Another major topic of discussion was the crisis with the Palestinians and the escalation of violence in Jerusalem and the West Bank. Before their meeting, Netanyahu told Obama that he remained committed to the vision of two states for two peoples and wanted to take practical steps to reduce the tensions with the Palestinians.
“I want to make clear that we have not given up our hope for peace,” Netanyahu said. “We’ll never give up our hope for peace. And I remain committed to a vision of peace of two states for two peoples, a demilitarized Palestinian state that recognizes the Jewish state.
“I don’t think anyone should doubt Israel’s determination to defend itself against terror and destructions, but neither should anyone doubt Israel’s willingness to make peace with any of its neighbors that genuinely want to achieve peace with us.”
Netanyahu made those remarks in response to briefings given by some of Obama’s senior aides before the meeting in which they said that Obama did not think it will be possible to achieve an Israeli-Palestinian peace agreement before his term ends in January 2017, and that even restarting negotiations was unlikely. Obama’s advisers have said in recent days that the president would ask Netanyahu what he plans to do in the absence of negotiations to stop the current trend in which Israel seems to be gravitating toward the reality of a binational state.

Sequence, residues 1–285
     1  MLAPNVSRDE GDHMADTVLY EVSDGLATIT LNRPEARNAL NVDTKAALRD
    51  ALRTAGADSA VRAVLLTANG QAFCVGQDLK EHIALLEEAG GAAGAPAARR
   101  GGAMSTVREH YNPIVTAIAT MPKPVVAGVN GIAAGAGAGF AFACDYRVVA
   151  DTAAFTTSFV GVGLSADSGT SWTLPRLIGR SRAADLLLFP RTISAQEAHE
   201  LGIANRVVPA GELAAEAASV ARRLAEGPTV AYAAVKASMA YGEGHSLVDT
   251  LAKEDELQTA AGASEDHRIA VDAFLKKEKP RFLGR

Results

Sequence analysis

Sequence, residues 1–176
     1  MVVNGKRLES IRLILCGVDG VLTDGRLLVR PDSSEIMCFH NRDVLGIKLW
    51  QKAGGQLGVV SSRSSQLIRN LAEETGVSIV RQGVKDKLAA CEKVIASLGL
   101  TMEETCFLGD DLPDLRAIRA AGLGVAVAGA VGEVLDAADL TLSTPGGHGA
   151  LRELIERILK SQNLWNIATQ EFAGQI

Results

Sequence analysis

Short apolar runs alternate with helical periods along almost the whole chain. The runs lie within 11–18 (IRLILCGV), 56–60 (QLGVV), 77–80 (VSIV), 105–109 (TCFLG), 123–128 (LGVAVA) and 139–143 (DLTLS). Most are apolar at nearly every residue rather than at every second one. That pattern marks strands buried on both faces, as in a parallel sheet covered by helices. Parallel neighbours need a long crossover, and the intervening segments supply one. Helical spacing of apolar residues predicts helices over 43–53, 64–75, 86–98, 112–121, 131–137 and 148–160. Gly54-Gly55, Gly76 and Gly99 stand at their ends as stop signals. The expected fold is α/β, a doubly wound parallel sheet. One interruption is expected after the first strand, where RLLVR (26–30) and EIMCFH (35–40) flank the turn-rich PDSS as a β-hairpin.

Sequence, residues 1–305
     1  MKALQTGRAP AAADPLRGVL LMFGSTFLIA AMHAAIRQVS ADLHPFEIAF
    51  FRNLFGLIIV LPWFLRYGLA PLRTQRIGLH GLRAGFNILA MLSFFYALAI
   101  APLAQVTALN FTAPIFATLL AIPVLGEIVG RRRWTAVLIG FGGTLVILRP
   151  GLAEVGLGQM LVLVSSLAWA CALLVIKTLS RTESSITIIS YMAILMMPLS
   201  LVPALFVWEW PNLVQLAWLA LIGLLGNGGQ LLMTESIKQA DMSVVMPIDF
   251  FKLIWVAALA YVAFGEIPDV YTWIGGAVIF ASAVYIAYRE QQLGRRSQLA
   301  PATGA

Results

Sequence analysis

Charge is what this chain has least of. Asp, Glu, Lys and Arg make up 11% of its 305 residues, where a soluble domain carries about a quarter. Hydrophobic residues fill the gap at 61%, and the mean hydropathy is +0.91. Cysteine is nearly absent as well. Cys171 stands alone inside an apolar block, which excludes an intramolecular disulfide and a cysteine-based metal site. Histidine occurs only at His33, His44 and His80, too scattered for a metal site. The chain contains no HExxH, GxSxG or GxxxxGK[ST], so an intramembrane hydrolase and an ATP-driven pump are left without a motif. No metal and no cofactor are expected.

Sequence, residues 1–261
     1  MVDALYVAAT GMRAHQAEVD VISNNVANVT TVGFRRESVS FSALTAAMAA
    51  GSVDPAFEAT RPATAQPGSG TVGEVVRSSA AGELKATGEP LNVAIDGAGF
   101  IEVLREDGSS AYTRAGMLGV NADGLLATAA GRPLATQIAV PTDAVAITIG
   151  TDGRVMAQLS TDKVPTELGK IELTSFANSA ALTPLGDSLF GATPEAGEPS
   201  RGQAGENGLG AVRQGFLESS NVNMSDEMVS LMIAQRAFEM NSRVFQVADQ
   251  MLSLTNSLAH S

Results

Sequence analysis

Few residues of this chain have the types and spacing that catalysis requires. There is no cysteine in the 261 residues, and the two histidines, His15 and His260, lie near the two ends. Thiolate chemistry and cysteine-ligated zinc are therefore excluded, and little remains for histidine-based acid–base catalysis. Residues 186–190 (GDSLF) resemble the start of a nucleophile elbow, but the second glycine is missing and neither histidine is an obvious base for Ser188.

In his briefing to reporters, he said he planned to meet Tuesday with Kerry to discuss the Palestinian issue. He said he had presented Obama with ideas for confidence-building measures in the West Bank for improving the Palestinians’ situation that had been unanimously approved by the security cabinet. Obama did not ask that settlement construction stop, Netanyahu said.
“The primary aim is to prevent flare-ups in the field,” he said. “You’ve heard the White House statements regarding the chances of reaching a diplomatic agreement in the coming year. The focus of the meeting was how we can calm the area and make it more stable. Preventing flare-ups is an Israeli interest no less than it is an American one.”
He added that he would like to take steps to reduce friction with the Palestinians in the absence of diplomatic negotiations.
“There are things we can do that will increase friction and tension, but there are measures to prevent increasing friction and perhaps reduce it, and these we must take," Netanyahu said. “We are trying to distinguish between the population and the attackers and provocateurs. In this spirit I will advance things. We want to avoid a conflagration. We have no reason to intensify the problem. Our interest is that the escalation doesn’t spread to the entire population.”
Netanyahu said that he and Obama had also discussed the Islamic State’s presence and activities in the Sinai Peninsula. "There is a distinct possibility that the Russian plane [that blew up over the Sinai on October 31] was brought down by a bomb," he said, adding that the Israeli government had given the relevant governments all the intelligence information it had about the incident.